"He is divine, living assurance that God so loved the world He gave us His only begotten Son so that by believing in Him and learning to love each other we could one day be together in paradise."

Here we are only 25 years later, but can you imagine any public figure, much less the President of the United States, so overtly proclaiming Christianity?  Can you imagine the reactions from the press, political correctness groups, and other secularists?  Reagan's steady hand of personal conviction carried him through the tumult of religious reactionaries, and he always came out smiling peacefully on the other side.

And in sharp contrast to the recent refusal of the Governor of Washington to stand up for the religious history of Christmas and defend the truth of the nativity, Reagan's values could not have been clearer.  At the national tree lighting ceremony of December 13, 1984, Reagan reinstituted the Pageant of Peace nativity scene that had been previously outlawed by a 1973 Supreme Court decision.

Our nation is torn.  It is torn between the tradition of conservative values and the progression of liberal agendas.  It is in conflict with nations abroad and with citizens at home.  It is in search of an ephemeral guiding principle while ignoring an eternal governing truth.  Many of us, though, still believe in President Reagan's vision of America-one of equality and generosity for all under the love and protection of One.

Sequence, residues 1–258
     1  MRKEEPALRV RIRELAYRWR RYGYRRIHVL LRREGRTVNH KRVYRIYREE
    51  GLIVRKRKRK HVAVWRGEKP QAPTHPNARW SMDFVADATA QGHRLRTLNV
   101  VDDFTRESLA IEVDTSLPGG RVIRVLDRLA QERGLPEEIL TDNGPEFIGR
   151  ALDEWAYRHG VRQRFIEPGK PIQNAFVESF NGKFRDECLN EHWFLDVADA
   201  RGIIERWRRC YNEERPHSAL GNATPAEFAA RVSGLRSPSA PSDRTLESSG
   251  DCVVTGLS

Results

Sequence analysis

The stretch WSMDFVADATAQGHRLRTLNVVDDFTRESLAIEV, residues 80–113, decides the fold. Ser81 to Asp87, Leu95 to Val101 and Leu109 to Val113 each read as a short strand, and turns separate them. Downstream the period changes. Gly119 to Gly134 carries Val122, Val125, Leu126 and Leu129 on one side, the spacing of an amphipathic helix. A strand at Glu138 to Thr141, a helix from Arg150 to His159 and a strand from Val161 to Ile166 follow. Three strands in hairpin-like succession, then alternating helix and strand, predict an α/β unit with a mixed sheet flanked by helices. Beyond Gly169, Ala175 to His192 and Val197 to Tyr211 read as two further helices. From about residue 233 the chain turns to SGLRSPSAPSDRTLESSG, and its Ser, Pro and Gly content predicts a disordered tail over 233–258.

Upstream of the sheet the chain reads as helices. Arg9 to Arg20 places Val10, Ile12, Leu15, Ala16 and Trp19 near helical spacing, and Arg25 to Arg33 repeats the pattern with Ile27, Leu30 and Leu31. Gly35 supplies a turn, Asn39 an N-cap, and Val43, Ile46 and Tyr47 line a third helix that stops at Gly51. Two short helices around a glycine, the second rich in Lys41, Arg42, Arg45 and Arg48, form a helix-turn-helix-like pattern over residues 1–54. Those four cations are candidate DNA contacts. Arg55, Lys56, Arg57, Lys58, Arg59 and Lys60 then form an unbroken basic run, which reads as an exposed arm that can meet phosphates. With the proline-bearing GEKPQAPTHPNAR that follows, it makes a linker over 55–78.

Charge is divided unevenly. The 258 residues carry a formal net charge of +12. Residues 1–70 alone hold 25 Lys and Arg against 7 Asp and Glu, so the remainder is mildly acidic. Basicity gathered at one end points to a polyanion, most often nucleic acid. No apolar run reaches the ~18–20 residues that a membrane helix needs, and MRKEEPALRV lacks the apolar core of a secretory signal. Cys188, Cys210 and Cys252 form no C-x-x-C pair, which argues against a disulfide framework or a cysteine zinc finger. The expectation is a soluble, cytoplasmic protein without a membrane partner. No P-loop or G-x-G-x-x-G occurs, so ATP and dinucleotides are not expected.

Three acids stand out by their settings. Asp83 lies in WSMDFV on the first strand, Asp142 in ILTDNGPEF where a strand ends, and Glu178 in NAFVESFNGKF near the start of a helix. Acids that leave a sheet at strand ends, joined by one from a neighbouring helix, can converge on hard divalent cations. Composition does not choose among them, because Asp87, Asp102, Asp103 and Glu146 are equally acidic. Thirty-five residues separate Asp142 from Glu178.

But whether you are religious or not, perhaps there is one gift we can all hope for during this Christmas season. It is one for which Reagan fought diligently and commented gracefully during an official December 20, 1983, White House Press Conference:

Q: What do you want for Christmas?

The President: What do I want for Christmas? You know what I'm going to say.

Q: What?

The President: Peace.

Q: Well, what do you want in a box?  

The President: If you could get it in a box, I'll take it in a box.

I think that's something we can all agree on this season.  As President Reagan would proudly say -- Merry Christmas.